Through Netgalley I acquired this book on witchcraft in exchange for my honest review. I am not a witch or wiccan myself. However, I am interested in parts of paganism, despite me being quite the atheist. Since childhood, witchcraft has always had a fascination for me, so I was curious to learn more, when this book Transformative Witchcraft: The Greater Mysteries by Jason Mankey fell into my digital lap.
On Netgalley, part of the blurb was as follows:
Witchcraft is about more than seasonal rituals and pentacle necklaces; it’s meant to be a transformative path. The rites and rituals of Witchcraft are life-changing experiences, but they are also steeped in mystery. Transformative Witchcraft delves into some of the most persistent mysteries of the Craft and provides insightful guidance for raising energy with a Cone of Power; dedications, initiations, and elevations; Drawing Down the Moon; and the Great Rite.
This book mostly goes into group (or just two person) ritual. What exactly do witches mean with a cone of power? How do they create one? How do certain kinds of rituals look like? the book includes a lot of inspiration for ritual-designing, since there are many rituals completely written out from beginning (the casting of the circle) to the end (the re-opening of the circle). It goes deep into the why and how of certain things, and it gave me a insight in a world I didn’t know much about.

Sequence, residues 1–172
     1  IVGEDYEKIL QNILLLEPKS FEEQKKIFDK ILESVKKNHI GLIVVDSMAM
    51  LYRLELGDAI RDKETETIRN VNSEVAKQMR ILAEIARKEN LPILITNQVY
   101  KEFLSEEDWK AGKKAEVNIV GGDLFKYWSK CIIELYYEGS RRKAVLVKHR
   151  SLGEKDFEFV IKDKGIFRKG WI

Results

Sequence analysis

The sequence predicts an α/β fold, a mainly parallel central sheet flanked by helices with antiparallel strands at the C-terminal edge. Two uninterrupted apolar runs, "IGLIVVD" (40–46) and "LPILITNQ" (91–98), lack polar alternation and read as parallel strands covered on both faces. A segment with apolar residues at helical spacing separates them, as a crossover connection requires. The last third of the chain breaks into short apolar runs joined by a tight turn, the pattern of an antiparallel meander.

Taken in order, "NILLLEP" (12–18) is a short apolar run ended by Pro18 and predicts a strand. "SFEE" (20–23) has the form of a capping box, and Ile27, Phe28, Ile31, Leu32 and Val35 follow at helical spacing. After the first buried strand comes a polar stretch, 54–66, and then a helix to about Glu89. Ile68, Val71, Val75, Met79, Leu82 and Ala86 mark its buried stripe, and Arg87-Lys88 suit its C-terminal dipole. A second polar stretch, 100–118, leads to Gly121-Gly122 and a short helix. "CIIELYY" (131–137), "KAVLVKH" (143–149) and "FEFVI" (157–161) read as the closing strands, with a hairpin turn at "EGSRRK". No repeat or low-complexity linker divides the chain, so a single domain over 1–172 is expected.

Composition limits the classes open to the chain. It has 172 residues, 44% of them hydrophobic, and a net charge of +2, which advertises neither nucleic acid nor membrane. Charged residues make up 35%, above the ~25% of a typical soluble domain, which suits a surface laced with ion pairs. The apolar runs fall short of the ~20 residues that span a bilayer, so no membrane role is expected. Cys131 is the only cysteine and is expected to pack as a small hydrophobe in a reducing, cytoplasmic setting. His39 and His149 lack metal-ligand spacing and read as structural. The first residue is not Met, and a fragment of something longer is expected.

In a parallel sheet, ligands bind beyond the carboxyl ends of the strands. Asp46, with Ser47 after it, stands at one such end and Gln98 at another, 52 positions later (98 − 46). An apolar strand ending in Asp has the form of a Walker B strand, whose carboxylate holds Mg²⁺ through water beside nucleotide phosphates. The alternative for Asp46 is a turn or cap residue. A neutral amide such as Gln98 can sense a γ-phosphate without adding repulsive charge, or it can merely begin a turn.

What I really appreciated was the conversational tone (there are personal remarks all over the place) and the continuing confirmation that all rituals and roles within them, can be done by all genders. Wicca can be amazingly stereotypical and essentialist about gender, so this was nice and refreshing. Being non-binary myself, I felt seen.
What I did find hard, which has to do with my scientific and atheist outlook on life, is that the author really, actually seems to believe in all he writes. Energy is a physical thing. The god and goddess are actually real. This is something I prefer to see metaphorically, if I engage in more pagan pursuits. I do believe his experiences and those of many others are real and genuine; except I think the cause of those experience are explained by how our brains are marvellous and amazing in letting us feel things that seem too wondrous to come from within ourselves. But, each to their own. As long as people don’t cause harm to themselves or others, I see no problems here.